Wine lovers rejoice!!! Virginia’s wineries have become a flourishing part of the state’s economy. And, it’s been a long time coming.
In 1619, the Jamestown settlers signed into law a requirement for each male settler to plant and tend at least ten grape vines. The vision for Virginia wine dates back four centuries, and even includes Thomas Jefferson, who grew grapes on the famous Monticello estate.
However, it is the past three decades that have seen those early settlers’ vision for Virginia wine come to life as a thriving industry.
In the early 1970’s, some industrious grape growers identified specific varietals that matched the unique growing conditions of the Virginia countryside. The resultant increase in Chardonnay, Viognier, Cabernet Franc, and Merlot grapes started an escalation in wine production that has not slowed since.
The opening of several new wineries followed in 1975. Thus began a 30-year transition of Virginia viniculture, evolving from local farmers’ hobby to a statewide industry that is creating job growth, tax revenue, and an opportunity to extend the agricultural roots of Virginia.
The growth has been explosive. In 1979, there were only 6 wineries in the state. By 1995, that number had risen to 46. There were 97 wine-producing vineyards at the end of 2005. Now, Virginia boasts over 260 wineries, the fifth largest number of producing facilities in the United States.
An economic impact study commissioned by the Virginia Wine Board in 2005, 2010, and again in 2015 revealed not only growth in production and international recognition, but a significant economic impact to the state of Virginia that has been recognized publicly by Governor Terry McAuliffe.
“Since the beginning of my administration, one of our top agriculture goals was to make Virginia the preeminent East Coast destination for wine and winery tourism, and I am pleased our efforts are helping make this a reality,” said McAuliffe. “The Virginia wine industry has continued to see tremendous growth over last five years, which has bolstered tourism across the Commonwealth.”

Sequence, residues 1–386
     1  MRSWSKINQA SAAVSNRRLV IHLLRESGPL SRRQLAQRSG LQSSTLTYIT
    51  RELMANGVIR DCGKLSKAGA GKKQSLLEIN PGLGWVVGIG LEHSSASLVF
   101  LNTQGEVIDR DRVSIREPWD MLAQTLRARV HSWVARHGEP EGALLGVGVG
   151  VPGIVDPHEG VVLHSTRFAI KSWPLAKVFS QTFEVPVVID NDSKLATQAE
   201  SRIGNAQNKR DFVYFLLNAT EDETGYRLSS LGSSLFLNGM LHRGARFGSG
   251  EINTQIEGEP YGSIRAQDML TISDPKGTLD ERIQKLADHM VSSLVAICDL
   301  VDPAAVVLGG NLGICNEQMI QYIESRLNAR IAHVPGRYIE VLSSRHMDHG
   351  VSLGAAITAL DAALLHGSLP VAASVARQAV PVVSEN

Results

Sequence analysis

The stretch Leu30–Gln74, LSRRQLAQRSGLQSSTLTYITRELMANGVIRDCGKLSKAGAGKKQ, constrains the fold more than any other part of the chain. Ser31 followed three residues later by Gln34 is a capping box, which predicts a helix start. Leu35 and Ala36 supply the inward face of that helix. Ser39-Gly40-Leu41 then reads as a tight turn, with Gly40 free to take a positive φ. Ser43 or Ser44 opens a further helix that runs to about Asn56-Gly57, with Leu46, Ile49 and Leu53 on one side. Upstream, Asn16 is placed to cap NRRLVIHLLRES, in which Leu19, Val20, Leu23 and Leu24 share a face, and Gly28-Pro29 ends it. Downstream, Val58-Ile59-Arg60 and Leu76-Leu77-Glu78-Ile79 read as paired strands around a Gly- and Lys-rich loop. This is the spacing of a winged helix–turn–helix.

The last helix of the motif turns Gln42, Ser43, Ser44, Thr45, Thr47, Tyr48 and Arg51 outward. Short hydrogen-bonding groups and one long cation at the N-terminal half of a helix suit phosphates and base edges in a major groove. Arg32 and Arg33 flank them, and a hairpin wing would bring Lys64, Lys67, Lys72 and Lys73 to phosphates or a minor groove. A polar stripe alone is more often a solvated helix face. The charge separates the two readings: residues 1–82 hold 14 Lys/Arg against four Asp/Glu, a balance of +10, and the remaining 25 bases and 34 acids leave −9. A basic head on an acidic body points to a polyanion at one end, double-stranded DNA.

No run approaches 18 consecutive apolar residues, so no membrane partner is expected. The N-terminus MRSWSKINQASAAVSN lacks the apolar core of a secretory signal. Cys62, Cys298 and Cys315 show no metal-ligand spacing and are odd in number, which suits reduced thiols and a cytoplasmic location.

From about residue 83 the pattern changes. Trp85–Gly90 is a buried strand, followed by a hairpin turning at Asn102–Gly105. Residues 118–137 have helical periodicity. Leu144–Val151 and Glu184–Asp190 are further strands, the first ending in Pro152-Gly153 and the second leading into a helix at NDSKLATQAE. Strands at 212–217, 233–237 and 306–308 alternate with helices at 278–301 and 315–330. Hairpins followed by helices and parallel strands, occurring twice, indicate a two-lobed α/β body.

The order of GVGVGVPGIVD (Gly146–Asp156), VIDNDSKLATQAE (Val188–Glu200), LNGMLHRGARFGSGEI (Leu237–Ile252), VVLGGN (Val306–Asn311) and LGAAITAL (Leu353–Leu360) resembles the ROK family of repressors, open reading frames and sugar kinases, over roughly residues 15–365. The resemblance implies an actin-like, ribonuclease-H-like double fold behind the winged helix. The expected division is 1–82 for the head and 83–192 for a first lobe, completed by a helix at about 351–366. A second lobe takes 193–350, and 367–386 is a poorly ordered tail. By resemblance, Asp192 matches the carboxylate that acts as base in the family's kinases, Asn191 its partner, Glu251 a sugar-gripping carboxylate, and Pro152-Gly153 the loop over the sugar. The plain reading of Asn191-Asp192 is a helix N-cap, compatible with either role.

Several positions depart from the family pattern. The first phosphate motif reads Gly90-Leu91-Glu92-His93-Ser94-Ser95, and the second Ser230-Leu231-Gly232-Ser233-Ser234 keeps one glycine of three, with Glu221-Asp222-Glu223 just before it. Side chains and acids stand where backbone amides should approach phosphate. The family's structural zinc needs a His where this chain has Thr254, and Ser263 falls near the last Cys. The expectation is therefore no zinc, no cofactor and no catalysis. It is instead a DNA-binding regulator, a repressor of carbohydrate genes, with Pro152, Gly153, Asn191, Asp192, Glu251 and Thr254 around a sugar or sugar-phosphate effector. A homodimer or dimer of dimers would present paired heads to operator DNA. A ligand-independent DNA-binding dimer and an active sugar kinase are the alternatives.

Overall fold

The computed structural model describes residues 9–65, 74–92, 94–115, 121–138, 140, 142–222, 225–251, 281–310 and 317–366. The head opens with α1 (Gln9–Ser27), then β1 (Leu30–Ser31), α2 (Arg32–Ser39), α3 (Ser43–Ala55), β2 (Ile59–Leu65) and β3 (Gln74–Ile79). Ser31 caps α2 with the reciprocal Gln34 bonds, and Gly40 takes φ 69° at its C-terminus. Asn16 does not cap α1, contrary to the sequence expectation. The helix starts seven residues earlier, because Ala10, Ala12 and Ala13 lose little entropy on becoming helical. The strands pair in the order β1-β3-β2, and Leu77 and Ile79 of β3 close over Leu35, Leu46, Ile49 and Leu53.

In fiscal year 2016, the Virginia wine industry had another reason to toast itself — wine sales reached the highest point ever for Virginia wine. Nearly 556,500 cases — each case representing 12 bottles, up from about 524,800 cases the previous year, representing a 6-percent increase.
“Virginia wine is about the experience, the adventure, excitement and story of visiting a winery and tasting the ‘fruits’ of grape grower’s and winemaker’s labor in the midst of a vineyard and beautiful Virginia countryside,” says Mark Malick, Co-owner and Grape Farmer of Maggie Malick Wine Caves in Purcellville, VA.
And, the experienced winemaker appears to be correct. The number of people visiting Virginia wineries has grown by 39 percent, from 1.6 million visitors in 2010 to 2.25 million visitors in 2015. At the same time, wine-related tourism expenditures has grown dramatically from $131 million to $188 million, a significant 43-percent increase.
Many in the industry attribute the growth of tourism to these factors: the increase in the number of wineries and the steadily improving quality of the wines.
Tourism is not the only segment of the economy that is benefiting. “Due to the increase in demand, winemakers are purchasing more and more land, which in turn is raising property values,” stated Scott Buzzelli of Middleburg Real Estate in an interview last month. (link)
There has been a 22-percent increase of grape-bearing acreage since 2010, as well as a 188-percent increase in tax revenue for state and local governments.
The state’s overall wine sales and production are not concentrated within a few large wineries. On the contrary, most of the state consists of small wineries, each with production under 10,000 cases. The larger wineries sell a larger proportion of wine through distributors and retailers, while smaller producers tend to focus on selling their wine direct-to-consumer and direct-to-trade.
Across all winery sizes, there has been a significant increase in the expansion of related-product offerings and events, private parties, weddings, and festivals held on winery properties and, thus, the winery’s function has continued to evolve past simple production.
Some existing wineries have expanded their facilities to incorporate these additional revenue streams, resulting in increased winery employment and support services, and increased rural economic development.
The Virginia Department of Commerce estimates there was over $53 million in revenue generated from these wine-related events in 2016.
Over the last several years, government and townships have recognized the importance of the wine industry to the Virginia economy. At the state level, they have worked to set up tax credits for winery and vineyard start-ups and expansion. Furthermore, funding for the Virginia Wine Promotion Fund’s research, education, and marketing programs has nearly tripled.
If this positive growth trend continues, the grape-laden hills of Virginia are on their way to becoming the nation’s Napa Valley East.